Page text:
TRADITIONAL ALPINE FURNITURE
Picture: April 2000
Picture: January 2018. The wood turned red over the year.
or a long time
Alpine furniture had not been considered as pieces of Art. Two reasons may be thought of.
The first reason is that the past centuries were
tough time for the Alps inhabitants: winters were tough and harvests were poor,
so that the only pieces of furniture that were built, were built for their own homes.
However, this explanation does not completely hold, as many of these inhabitants
turned to be merchants during snow-covered wintertime, during which no land work could
be carried out. The difficulties to carry such heavy loads as pieces of furniture on
mountain paths might also be claimed.
The second reason is that until the beginning of
the century Alpine inhabitants were not always considered as highly civilized, from the point
of view of big cities inhabitants. Therefore, the least awaited characteristic of Alps was to
be able to produce any piece of art.
The situation has slowly evolved since mid 20th century,
so that Alpine woodcraft is nowadays fully acknowledged and largely appreciated.
lthough many artistic trends
are found throughout the Alps, many features are common to the majority of
them. These features arise from specific aspects of the Alpine life. Some of them are listed
- WOOD SPECIES: they were extracted
from high altitude local forests, mainly containing coniferous trees about 3000 feet:
larchtrees, piceas, and various species of pines.
- THE CARVING: When not trading in other
lands, people had plenty of unused time during winter periods, because of the snow-covered
land. As a result, they carved their furniture. The arrangement of carved decorations
on many pieces of furniture show that carvings were often added one at a time,
when 'leisure' was possible. The carvings, mainly of geometric aspect,
are best revealed by grazing light, as was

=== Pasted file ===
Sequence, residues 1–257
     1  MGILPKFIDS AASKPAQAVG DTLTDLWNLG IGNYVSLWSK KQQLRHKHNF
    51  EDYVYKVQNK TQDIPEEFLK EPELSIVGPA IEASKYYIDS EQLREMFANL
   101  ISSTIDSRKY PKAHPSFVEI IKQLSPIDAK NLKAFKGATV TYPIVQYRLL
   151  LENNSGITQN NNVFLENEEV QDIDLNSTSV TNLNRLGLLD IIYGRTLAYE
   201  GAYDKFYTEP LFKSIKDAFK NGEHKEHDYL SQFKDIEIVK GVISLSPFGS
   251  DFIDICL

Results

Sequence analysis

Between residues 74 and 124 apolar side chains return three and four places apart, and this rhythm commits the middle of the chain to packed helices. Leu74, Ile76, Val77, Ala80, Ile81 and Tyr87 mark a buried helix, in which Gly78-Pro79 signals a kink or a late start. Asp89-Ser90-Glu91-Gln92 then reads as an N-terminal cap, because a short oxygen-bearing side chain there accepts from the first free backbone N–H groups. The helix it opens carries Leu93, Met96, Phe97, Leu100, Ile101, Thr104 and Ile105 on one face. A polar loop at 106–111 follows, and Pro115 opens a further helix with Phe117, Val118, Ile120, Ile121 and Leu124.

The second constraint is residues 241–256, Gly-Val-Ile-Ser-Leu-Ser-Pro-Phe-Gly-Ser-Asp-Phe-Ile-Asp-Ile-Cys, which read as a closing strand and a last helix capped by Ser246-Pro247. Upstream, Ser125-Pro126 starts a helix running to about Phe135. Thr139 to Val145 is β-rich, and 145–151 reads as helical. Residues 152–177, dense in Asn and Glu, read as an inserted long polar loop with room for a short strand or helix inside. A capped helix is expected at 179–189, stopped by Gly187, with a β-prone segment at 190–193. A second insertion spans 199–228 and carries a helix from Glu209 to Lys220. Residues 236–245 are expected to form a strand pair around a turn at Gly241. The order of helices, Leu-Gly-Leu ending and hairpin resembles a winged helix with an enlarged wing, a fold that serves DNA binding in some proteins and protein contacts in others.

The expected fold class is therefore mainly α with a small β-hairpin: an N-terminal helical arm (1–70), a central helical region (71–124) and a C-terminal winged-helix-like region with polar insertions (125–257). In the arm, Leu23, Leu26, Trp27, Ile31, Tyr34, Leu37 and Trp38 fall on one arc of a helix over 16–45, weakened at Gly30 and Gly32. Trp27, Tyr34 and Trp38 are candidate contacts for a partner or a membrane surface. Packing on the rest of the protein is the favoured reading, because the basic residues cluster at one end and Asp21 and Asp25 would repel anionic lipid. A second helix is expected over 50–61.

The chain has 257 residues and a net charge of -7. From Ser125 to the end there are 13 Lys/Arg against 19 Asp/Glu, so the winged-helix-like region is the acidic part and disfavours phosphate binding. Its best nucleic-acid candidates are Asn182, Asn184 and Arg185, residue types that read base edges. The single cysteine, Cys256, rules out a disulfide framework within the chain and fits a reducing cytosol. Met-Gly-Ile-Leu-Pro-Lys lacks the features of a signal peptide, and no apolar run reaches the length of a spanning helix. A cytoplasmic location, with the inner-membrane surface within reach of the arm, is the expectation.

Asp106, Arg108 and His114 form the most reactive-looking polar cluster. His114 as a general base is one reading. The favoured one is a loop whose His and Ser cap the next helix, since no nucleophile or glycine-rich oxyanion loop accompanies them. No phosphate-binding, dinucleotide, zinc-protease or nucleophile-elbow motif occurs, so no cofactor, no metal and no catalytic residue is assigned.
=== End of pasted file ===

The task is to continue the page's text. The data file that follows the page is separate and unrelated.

the light of candles and of the rare openings in thick walls at that time.
- THE DESIGN: In most cases, the design
is rather crude, resulting from the fact that furniture was generally home-built,
as money was not available to buy them.
he pictures on this page are those from a piece of furniture
that I made during the Spring of 2000. It is not a copy from an existing item, although
the design and decoration are characteristic of traditional Alpine furniture. Its purpose
also follows the Alpine tradition, as it was built as a Wedding furniture.
The wood is larchtree,
a species thriving mainly in southern Alps. This species yields a redish wood, a feature of
whose is to be imputrescible. It had been often chosen
for water-related uses, like roof covering or water-poles (e.g.
in Venice). However,
this larchtree wood is not easy to carve (fibrous wood) so that several wood species
are usually used for the same furniture: a hard and imputrescible wood like larchtree
for beams, and a softer wood like pine for carved panels.
furniture was entirely hand-made, and the various pieces of
wood were finally put together without the use of screws, nails or any metallic part.
It was finally oiled, so as to enhance the natural wood veins. The dimensions are
approximately 1m long, 70cm high and 50cm large.